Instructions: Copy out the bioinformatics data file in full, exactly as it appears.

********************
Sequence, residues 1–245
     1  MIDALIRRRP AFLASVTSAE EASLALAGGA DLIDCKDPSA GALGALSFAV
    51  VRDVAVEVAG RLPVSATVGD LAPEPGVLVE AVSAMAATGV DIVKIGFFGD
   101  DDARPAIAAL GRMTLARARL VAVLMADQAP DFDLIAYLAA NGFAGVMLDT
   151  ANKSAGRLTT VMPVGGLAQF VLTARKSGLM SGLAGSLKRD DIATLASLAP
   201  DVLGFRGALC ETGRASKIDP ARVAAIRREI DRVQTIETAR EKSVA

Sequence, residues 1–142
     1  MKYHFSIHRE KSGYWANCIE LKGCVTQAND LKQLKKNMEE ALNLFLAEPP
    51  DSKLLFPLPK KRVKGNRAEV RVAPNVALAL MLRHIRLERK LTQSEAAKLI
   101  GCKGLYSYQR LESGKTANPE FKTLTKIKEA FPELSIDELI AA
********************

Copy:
Sequence, residues 1–245
     1  MIDALIRRRP AFLASVTSAE EASLALAGGA DLIDCKDPSA GALGALSFAV
    51  VRDVAVEVAG RLPVSATVGD LAPEPGVLVE AVSAMAATGV DIVKIGFFGD
   101  DDARPAIAAL GRMTLARARL VAVLMADQAP DFDLIAYLAA NGFAGVMLDT
   151  ANKSAGRLTT VMPVGGLAQF VLTARKSGLM SGLAGSLKRD DIATLASLAP
   201  DVLGFRGALC ETGRASKIDP ARVAAIRREI DRVQTIETAR EKSVA

Sequence, residues 1–142
     1  MKYHFSIHRE KSGYWANCIE LKGCVTQAND LKQLKKNMEE ALNLFLAEPP
    51  DSKLLFPLPK KRVKGNRAEV RVAPNVALAL MLRHIRLERK LTQSEAAKLI
   101  GCKGLYSYQR LESGKTANPE FKTLTKIKEA FPELSIDELI AA